20mph speed limits have recently been introduced in a number of parts of Cambridge which previously had 30mph limits. The council have been monitoring the changes in traffic speed, and the results have been decidedly mixed. As a number of news reports have highlighted, in many places traffic speed hasn’t changed much, and in some cases speeds have actually increased.
On Monday next week, members of the Cambridge Traffic Management Area Joint Committee, which includes both City and County councillors, will be considering a report on traffic speeds before and after the changes. Here’s the data from the report:
Pity the poor councillors who have to digest that. Yes, all the information is there, but its presentation doesn’t exactly make it easy to take in at a glance. What it needs is a bit of data visualisation. Even a simple bar graph makes it so much easier to understand what’s going on in the data – your visual cortex can compare the length of lines much more quickly than you can read a table of numbers.
So let’s see if we can make the data a bit more vivid. Here are the average traffic speeds before and after the 20mph limit was introduced. The previous speed limit was 30mph:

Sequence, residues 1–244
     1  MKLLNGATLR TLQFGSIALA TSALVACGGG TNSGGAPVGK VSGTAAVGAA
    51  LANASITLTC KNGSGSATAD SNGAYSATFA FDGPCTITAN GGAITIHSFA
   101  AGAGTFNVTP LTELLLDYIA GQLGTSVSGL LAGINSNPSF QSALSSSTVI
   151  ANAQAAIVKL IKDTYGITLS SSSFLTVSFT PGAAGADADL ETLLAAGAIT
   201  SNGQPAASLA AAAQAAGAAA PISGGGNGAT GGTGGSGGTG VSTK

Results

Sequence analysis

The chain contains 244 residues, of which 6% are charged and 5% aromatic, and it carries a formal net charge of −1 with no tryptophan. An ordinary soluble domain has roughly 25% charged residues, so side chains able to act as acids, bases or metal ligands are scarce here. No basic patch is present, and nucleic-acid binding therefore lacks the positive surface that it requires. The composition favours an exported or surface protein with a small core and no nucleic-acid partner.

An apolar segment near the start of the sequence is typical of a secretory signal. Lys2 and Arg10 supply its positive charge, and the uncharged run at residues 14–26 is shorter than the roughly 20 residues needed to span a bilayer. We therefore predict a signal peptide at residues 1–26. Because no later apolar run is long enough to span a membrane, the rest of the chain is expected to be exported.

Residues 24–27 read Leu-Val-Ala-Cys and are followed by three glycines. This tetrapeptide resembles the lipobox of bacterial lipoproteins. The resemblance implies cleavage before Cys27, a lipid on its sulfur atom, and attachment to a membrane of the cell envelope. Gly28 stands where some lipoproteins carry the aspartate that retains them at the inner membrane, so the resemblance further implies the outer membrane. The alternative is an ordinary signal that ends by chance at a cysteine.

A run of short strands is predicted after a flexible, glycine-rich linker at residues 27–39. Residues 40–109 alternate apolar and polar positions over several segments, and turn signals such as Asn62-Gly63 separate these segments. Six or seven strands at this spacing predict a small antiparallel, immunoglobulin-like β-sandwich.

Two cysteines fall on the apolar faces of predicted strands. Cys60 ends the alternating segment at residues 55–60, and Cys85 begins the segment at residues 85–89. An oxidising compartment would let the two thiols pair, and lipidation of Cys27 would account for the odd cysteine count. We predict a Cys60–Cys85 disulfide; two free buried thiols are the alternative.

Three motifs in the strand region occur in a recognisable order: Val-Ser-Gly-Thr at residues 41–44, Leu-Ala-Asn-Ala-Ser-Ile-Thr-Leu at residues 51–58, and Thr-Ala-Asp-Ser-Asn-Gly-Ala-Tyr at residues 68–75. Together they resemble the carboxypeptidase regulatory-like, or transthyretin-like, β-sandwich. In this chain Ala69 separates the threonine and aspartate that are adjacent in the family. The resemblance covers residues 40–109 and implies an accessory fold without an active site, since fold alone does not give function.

Certainly nothing like 10mph slower, and in some places speeds have clearly increased. We also have data for the 85th percentile speed. This is the speed that 85% of the traffic was slower than; 15% was faster. This has changed noticeably in one place:
Mostly it’s not very different, but look at those Regent Street changes. Did that jump out of the data table for you? Me neither.
There’s a different set of data for the Wulfstan Way area, where the speed limit change seems to have had no effect at all on traffic speed:
The traffic speeds before the change were monitored in February 2010, and afterwards in September 2010. Of course the speed limit isn’t the only thing that was different between those two periods:
- Some of the February measurements were taken during half term week, which was 15th to 19th February in 2010, whereas the September measurements were taken during termtime. As Cambridge drivers well know, they can often expect to travel faster during school holidays.
- There are around 10 hours of daylight in mid-February in Cambridge, versus 12 towards the end of September. More daylight might mean higher speeds.
- There was a bit more rain in the September period, but it was much colder in February, frequently below freezing.
There may also have been particular local factors affecting individual roads. Overall, though, the picture is pretty disappointing for those hoping that the 20mph limits would slow traffic down significantly. In most places, the traffic speeds were little changed, and in some places they increased. The only significant effect of the new speed limits seems to be that the faster drivers in Regent Street have slowed down quite a lot. And of course, it means that most drivers are now breaking the law, whereas previously they weren’t.